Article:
Our home was not “filled with books,” as my father had a study in our home, lined floor to ceiling with bookshelves, while other rooms contained no book shelves but perhaps a few books stacked here and there. Books were all around and we children were encouraged to read and to use the library. No, we were expected to read and to use the library. Reading was more important than sports, games, entertainment—and certainly more important than TV, which we were not allowed to watch very often. I cannot even remember where the TV was in our house when I was 16—oh…yes, out on the side porch. Some of my favorite times as a child were visits to my grandmother, Hazel Parsons, who would take me to the Highland Branch of the Louisville Public Library and allow me to browse and then help me carry home stacks of my selections. One time, after I had selected a stack, taken them home, and read all day, we returned the next day for more. The librarian sourly commented that perhaps I needed to select more difficult books. In my teaching career, as we teachers struggled to encourage students to read—and I read hundreds of those “lying” book reports in which the student clearly had NOT read the book or had read only parts—I would remember that librarian’s remark. She certainly had never read any research about how children learn to read or about the stages of reading development. But then, those were the days when the library dragons guarded their treasures from scruffy little kids such as me.
My house is filled with books. Upstairs the window seats in the dormer windows are lined with book shelves; there, I have all the 35 cent paperback novels, many important literary works, that I bought in college. Hundreds of books I have bought in the past 45 years, a cookbook collection, and my children’s books line the large upstairs bedroom, one wall of our living room, a shelf in the dining area, and the book cases along the non-window wall of the sun porch. Lots of magazines are stacked around, too. I do not go to the library very often now, as books covered with scent or the smell of candles or Glade or similar things give me a headache. Mostly, I buy what I want to read—and I recycle. I have some books I read again and again. Every few years, I re-read all of Jane Austen’s novels. I also read through the 37 book cycle of Angela Thirkell’s Barsetshire series—again and again. E.F. Benson’s Mapp and Lucia books are another set of favorites to re-read. I plan to start re-reading all of my books about Thomas Merton again, as my book club is going to read The Seven Story Mountain this spring. I have all of his journals, many of his books, and many critical books. I haven’t read the Merton books for twenty years—and am anticipating the pleasure of re-reading from a more mature viewpoint. Right now, our Brown Bag study group at church is reading a book of Merton’s writings about nature. His poet’s eye sees to the heart of things.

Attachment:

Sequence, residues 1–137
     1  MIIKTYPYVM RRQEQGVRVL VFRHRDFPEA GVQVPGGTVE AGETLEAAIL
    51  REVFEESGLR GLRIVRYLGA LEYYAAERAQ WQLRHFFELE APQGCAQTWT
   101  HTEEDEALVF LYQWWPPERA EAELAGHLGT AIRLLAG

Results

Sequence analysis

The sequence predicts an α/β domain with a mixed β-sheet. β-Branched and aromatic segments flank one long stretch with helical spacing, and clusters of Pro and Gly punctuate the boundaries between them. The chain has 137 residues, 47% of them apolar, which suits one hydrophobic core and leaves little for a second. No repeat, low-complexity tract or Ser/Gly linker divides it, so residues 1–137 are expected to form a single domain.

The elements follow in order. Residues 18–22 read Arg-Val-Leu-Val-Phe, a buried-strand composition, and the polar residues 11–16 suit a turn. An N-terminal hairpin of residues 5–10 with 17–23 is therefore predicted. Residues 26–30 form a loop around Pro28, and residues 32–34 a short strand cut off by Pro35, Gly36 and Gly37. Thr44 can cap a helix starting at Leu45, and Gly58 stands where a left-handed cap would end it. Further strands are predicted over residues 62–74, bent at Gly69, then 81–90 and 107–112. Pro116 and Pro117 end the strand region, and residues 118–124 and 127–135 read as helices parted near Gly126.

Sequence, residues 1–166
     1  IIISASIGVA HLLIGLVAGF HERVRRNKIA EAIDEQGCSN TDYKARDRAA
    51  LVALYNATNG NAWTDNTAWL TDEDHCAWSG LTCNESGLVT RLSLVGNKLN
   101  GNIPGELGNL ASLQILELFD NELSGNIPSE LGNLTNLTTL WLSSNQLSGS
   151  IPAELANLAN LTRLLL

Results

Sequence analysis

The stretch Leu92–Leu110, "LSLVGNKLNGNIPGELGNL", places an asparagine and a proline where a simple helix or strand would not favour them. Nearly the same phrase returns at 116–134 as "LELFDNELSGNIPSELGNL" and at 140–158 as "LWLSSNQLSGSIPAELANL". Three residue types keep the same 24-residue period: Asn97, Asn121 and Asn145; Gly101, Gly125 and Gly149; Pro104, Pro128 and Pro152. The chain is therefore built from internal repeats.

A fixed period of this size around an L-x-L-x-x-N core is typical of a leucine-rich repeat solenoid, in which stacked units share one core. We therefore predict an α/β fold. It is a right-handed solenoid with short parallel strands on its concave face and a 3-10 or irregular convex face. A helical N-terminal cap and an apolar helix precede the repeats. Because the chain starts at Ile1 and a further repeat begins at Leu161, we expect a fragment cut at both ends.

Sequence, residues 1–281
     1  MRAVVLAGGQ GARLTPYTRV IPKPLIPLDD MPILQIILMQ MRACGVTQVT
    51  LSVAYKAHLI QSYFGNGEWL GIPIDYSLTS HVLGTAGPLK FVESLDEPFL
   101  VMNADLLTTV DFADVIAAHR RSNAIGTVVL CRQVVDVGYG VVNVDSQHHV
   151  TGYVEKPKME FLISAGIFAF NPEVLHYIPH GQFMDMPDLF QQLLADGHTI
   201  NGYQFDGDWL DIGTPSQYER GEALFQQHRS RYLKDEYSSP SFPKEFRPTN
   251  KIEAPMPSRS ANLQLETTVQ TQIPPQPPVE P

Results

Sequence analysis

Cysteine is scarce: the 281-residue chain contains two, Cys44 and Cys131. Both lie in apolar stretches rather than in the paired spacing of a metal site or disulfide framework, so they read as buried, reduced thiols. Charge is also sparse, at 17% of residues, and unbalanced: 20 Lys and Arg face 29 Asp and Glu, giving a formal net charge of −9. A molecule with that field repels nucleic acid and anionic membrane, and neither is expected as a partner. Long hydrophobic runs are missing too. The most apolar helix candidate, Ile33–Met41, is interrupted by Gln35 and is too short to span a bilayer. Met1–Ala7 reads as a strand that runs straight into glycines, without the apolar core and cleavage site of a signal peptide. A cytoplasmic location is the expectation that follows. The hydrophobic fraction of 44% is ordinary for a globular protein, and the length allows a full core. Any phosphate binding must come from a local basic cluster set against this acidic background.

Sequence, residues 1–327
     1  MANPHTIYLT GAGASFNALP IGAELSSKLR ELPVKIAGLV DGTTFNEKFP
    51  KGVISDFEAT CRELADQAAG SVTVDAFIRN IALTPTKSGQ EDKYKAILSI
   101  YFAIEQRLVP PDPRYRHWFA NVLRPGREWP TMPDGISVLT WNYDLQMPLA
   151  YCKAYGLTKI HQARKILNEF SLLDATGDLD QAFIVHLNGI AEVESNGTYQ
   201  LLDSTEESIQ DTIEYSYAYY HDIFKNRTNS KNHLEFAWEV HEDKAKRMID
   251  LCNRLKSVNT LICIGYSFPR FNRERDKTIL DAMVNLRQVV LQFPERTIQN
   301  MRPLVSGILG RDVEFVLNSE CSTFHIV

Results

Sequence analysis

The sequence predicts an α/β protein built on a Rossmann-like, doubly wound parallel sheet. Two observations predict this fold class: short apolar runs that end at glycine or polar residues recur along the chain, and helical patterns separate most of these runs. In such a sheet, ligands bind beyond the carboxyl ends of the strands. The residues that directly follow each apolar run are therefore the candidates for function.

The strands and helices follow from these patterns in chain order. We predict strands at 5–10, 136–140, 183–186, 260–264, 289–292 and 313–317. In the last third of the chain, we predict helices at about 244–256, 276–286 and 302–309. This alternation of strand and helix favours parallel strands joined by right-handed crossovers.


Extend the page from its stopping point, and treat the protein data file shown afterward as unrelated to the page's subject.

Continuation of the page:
The other night Max’s grandson Ethan’s oldest son, great-grandson Rhett, age 4 1/2, asked me to “read books.” Soon he and his brother Riley, age 3, were sitting on my knee or leaning against my legs as I read: Winnie the Pooh, Dumbo, Morty and Mickey, and The Tawny Scrawny Lion. I had not read those Little Golden books to little boys for some 35 years, but the words came back almost as if I had them memorized. The same thing happened each year on Dr Seuss Day at school [March 2—Read Across America] when my seniors enjoyed The Cat in the Hat, One Fish-Two Fish, Green Eggs and Ham, among others. I could almost chant those books I have read them so many times. I am looking forward to reading to the “Greats” again—Max has six great-grandchildren; the oldest is Rhett. A small body, pressed close as one reads aloud, is one of life’s most wonderful tactile experiences.